Creating my Project Euler Solution Website

I’ve recently started going through the Project Euler problems. It’s an awesome site that basically has a list of math problems that usually need computing power to solve. There are close to 500 problems on there right now, but my OCD means I gotta do them in order! I started working on them a bit and realized I was forgetting why I did things a certain way. Many of their problems can be brute forced, but also have elegant solutions available. I wanted to keep a record of what I was doing so I decided to make a page for it. I’m still working on the site, but it’s almost done. This post is actually not about Project Euler, but about what I learned making the site, especially when I moved from jQuery to AngularJS.

I’ve created a kind of workflow for myself whenever I make any website:

  1. Create a mockup in HTML/CSS.
  2. Fill the mockup with some actual content for the main pages.
  3. Redesign the site’s looks.
  4. Add any functionality features using JavaScript and JavaScript libraries.
  5. Tweak! I don’t get too crazy on perfecting it in one go – I’ve found revisiting it after a few weeks helps me look at design more objectively.
  6. Remember that I completely forgot to make it mobile friendly and redesign… (My goal is to move this step up to #1 – but it never happens)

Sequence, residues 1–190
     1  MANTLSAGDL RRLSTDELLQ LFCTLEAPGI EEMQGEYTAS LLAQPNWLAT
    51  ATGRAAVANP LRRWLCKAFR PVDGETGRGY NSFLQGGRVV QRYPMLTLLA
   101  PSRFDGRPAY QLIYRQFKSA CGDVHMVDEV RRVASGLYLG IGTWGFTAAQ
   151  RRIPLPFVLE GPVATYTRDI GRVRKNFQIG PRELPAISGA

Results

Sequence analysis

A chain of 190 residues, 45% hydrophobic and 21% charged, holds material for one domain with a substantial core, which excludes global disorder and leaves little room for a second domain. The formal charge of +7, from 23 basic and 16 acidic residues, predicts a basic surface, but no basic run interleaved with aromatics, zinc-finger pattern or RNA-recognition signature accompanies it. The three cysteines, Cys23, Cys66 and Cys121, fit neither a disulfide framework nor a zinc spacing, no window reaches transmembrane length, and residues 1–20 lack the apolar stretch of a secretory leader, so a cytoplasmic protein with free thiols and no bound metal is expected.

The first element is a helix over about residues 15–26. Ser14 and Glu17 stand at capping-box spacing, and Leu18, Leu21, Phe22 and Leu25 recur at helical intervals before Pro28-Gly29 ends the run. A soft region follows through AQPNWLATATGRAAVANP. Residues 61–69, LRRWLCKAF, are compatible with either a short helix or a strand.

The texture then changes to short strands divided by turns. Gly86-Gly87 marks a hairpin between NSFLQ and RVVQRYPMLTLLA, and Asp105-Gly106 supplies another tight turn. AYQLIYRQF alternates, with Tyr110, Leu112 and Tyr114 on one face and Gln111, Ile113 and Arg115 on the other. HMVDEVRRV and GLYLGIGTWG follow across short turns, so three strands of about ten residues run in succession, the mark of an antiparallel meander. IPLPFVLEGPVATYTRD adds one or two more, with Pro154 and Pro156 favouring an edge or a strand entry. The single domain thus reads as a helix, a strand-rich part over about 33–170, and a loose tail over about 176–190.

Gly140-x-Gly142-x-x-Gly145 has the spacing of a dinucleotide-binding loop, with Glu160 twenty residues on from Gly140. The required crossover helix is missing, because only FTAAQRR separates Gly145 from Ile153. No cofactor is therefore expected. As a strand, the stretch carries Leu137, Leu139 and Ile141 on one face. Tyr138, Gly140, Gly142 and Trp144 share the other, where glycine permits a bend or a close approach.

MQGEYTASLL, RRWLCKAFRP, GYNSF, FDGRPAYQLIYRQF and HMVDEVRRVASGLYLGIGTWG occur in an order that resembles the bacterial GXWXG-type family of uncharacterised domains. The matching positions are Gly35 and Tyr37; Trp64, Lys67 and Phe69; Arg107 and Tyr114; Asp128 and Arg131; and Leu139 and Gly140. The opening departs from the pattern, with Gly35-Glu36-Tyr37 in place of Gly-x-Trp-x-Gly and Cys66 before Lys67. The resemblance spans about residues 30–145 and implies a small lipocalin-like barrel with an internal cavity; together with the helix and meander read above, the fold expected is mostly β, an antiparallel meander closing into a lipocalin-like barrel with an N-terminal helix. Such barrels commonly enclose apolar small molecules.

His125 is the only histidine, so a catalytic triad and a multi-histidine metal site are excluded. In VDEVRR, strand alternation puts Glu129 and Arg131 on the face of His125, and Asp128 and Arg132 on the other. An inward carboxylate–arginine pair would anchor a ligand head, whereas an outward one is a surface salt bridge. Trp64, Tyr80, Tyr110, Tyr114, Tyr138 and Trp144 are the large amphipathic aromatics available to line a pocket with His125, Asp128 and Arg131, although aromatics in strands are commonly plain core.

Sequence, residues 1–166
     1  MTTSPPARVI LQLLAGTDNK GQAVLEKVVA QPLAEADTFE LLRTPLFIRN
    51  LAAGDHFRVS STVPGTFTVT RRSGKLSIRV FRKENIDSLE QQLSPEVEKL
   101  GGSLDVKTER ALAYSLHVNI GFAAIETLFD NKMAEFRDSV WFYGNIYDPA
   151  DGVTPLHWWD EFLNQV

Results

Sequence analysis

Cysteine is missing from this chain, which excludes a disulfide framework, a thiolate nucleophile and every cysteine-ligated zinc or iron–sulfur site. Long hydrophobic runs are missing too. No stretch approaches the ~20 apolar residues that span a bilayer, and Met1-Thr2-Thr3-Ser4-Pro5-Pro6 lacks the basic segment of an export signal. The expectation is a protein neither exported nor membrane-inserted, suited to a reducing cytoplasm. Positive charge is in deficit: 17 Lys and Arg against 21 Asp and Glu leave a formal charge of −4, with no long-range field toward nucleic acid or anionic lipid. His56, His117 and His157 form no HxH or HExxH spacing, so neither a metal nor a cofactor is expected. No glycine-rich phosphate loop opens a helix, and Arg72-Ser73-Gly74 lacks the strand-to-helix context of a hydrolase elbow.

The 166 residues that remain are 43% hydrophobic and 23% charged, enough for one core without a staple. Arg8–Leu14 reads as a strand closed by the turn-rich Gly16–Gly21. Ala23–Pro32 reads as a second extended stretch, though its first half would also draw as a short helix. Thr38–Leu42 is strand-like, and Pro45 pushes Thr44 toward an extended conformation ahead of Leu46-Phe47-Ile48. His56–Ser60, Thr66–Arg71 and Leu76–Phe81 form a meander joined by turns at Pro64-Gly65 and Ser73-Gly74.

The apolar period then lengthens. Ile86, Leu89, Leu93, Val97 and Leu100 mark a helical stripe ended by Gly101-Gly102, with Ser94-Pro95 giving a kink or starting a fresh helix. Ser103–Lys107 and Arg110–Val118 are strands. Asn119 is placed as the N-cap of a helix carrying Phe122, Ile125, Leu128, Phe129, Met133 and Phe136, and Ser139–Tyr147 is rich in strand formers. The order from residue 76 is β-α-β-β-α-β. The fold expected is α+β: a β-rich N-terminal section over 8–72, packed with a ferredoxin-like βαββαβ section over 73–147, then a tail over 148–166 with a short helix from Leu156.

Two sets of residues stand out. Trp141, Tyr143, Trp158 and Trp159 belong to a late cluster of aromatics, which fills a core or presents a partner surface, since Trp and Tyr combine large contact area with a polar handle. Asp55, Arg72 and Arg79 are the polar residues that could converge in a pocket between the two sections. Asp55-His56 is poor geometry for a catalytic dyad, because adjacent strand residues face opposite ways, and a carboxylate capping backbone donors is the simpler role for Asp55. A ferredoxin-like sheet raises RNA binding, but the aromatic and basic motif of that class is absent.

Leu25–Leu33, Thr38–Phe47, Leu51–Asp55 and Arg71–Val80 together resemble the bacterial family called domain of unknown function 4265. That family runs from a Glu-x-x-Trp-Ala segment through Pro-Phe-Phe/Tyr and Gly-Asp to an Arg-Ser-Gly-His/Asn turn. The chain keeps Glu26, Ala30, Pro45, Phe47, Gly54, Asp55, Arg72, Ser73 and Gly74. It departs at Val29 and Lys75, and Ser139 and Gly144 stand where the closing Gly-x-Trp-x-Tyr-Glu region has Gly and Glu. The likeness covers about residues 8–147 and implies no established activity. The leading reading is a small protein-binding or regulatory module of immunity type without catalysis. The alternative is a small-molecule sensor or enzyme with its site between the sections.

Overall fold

1. Create a Mockup

This is always hand waving because I know it’ll eventually look radically different from what I first envisioned. In this case, I looked at what I needed: header, left navigation with a grid to select problems, right content area for the main text. Simple enough. I usually make a colorful mockup to make sure I set up all the divs correctly. I like to do it by hand to understand it, but I’d be open to hear what other tools people use. In this case, I came up with something that looks like this:


2. Fill the Mockup with Content

This is more to make sure I’m not looking over anything obvious, such as titles that are too long or information that needs a separate section. I ensure I can get all the information in the mockup with no big issues.

3. Redesign the Site

In this step, I go hard on the CSS. I usually pick a color scheme (here I went with the same colors as my personal page), font, spacing, etc. Really just trying to make it pleasing to look at. Here’s what I have after this step:

You can still see the similarities in layout, but now it’s not a bunch of bright jarring colors. The left navigation now has a grid of numbers for each Project Euler problem.

4. Functionality

This is the fun step! I created a brief checklist of things I wanted in the site:

  1. Tooltip on problem hover